Tom Moertel > Test-LectroTest-0.3600 > Test::LectroTest::Compat

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NAME ^

Test::LectroTest::Compat - Use LectroTest property checks in a Test::Simple world

SYNOPSIS ^

    #!/usr/bin/perl -w

    use MyModule;  # contains code we want to test
    use Test::More tests => 2;
    use Test::LectroTest::Compat;

    # property specs can now use Test::Builder-based
    # tests such as Test::More's cmp_ok()

    my $prop_nonnegative = Property {
        ##[ x <- Int, y <- Int ]##
        cmp_ok(MyModule::my_function( $x, $y ), '>=', 0);
    }, name => "my_function output is non-negative" ;

    # and we can now check whether properties hold
    # as a Test::Builder-style test that integrates
    # with other T::B tests

    holds( $prop_nonnegative );   # test whether prop holds
    cmp_ok( 0, '<', 1, "trivial 0<1 test" );  # a "normal" test

DESCRIPTION ^

This module lets you use mix LectroTest property checking with other popular Test::* modules. With it, you can use is()- and ok()-style assertions from Test::* modules within your LectroTest property specifications and you can check LectroTest properties as part of a Test::Simple or Test::More test plan. (You can actually take advantage of any module based on Test::Builder, not just Test::Simple and Test::More.)

The module exports a single function holds which is described below.

holds(property, opts...)

    holds( $prop_nonnegative );  # check prop_nonnegative

    holds( $prop_nonnegative, trials => 100 );

    holds(
        Property {
            ##[ x <- Int ]##
            my_function2($x) < 0;
        }, name => "my_function2 is non-positive"
    );

Checks whether the given property holds.

When called, this method creates a new Test::LectroTest::TestRunner, asks the TestRunner to check the property, and then reports the result to Test::Builder, which in turn reports to you as part of a typical Test::Simple- or Test::More-style test plan. Any options you provide to holds after the property will be passed to the TestRunner so you can change the number of trials to run and so on. (See the docs for new in Test::LectroTest::TestRunner for the complete list of options.)

TESTING FOR REGRESSIONS AND CORNER CASES ^

LectroTest can record failure-causing test cases to a file, and it can play those test cases back as part of its normal testing strategy. The easiest way to take advantage of this feature is to set the regressions parameter when you use this module:

    use Test::LectroTest::Compat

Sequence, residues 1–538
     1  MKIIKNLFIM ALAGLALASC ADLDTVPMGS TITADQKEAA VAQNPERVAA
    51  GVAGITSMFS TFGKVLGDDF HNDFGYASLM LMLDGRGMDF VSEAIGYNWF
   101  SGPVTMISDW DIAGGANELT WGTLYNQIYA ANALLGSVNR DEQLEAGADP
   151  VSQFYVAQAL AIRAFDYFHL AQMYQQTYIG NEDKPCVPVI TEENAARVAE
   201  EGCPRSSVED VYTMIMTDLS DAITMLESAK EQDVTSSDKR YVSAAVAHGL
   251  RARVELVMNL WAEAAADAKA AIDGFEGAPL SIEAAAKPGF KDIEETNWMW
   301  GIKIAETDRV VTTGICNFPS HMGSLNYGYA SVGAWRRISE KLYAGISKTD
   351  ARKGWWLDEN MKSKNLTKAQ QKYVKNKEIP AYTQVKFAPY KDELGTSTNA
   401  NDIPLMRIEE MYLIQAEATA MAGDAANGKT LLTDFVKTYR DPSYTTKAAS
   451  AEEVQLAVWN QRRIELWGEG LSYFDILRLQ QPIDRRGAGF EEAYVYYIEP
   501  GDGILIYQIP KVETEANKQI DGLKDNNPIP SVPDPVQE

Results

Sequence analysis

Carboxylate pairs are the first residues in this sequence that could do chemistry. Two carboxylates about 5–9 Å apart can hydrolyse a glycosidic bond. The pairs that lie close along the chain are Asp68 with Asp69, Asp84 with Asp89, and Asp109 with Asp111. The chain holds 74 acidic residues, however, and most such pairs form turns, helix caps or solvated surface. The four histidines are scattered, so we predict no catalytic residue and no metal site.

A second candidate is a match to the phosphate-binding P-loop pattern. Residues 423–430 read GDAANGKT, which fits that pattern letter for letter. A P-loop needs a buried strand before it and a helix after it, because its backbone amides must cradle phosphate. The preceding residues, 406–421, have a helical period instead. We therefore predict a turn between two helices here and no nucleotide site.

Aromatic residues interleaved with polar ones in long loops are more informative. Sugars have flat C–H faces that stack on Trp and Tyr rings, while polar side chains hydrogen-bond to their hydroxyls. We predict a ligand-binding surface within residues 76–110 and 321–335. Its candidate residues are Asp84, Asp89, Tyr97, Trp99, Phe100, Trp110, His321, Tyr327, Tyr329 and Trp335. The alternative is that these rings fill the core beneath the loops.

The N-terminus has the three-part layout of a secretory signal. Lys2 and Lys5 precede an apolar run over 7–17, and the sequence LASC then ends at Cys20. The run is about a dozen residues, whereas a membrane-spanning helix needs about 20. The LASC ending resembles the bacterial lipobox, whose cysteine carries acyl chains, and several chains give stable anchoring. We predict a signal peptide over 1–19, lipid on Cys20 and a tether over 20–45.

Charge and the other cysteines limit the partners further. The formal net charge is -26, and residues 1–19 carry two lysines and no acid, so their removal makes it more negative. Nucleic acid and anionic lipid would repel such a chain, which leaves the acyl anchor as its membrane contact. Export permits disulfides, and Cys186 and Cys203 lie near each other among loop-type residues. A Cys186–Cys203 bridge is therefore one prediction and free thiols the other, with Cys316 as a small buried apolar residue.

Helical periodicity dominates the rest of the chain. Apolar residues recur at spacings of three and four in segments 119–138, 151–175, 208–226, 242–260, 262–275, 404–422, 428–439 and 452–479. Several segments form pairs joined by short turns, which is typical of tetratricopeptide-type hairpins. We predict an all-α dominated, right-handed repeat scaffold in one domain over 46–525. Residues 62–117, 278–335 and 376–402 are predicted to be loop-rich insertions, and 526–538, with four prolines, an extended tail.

regressions => "regressions.txt";

This tells LectroTest to use the file "regressions.txt" for both recording and playing back failures. If you want to record and play back from separate files, or want only to record or play back, use the record_failures and/or playback_failures options:

    use Test::LectroTest::Compat
        playback_failures => "regression_suite_for_my_module.txt",
        record_failures   => "failures_in_the_field.txt";

See Test::LectroTest::RegressionTesting for more.

NOTE: If you pass any of the recording or playback parameters to Test::LectroTest::Compat, you must have version 0.3500 or greater of LectroTest installed. Module authors, update your modules' build dependencies accordingly.

BUGS ^

In order to integrate with the Test::Builder testing harness (whose underlying testing model is somewhat incompatible with the needs of random trial-based testing) this module redefines two Test::Builder functions (ok() and diag()) for the duration of each property check.

SEE ALSO ^

For a gentle introduction to LectroTest, see Test::LectroTest::Tutorial. Also, the slides from my LectroTest talk for the Pittsburgh Perl Mongers make for a great introduction. Download a copy from the LectroTest home (see below).

Test::LectroTest::RegressionTesting explains how to test for regressions and corner cases using LectroTest.

Test::LectroTest::Property explains in detail what you can put inside of your property specifications.

Test::LectroTest::Generator describes the many generators and generator combinators that you can use to define the test or condition space that you want LectroTest to search for bugs.

Test::LectroTest::TestRunner describes the objects that check your properties and tells you how to turn their control knobs. You'll want to look here if you're interested in customizing the testing procedure.

Test::Simple and Test::More explain how to do simple case-based testing in Perl.

Test::Builder is the test harness upon which this module is built.

LECTROTEST HOME ^

The LectroTest home is http://community.moertel.com/LectroTest. There you will find more documentation, presentations, mailing-list archives, a wiki, and other helpful LectroTest-related resources. It's also the best place to ask questions.

AUTHOR ^

Tom Moertel (tom@moertel.com)

INSPIRATION ^

The LectroTest project was inspired by Haskell's QuickCheck module by Koen Claessen and John Hughes: http://www.cs.chalmers.se/~rjmh/QuickCheck/.

COPYRIGHT and LICENSE ^

Copyright (c) 2004-05 by Thomas G Moertel. All rights reserved.

This program is free software; you can redistribute it and/or modify it under the same terms as Perl itself.

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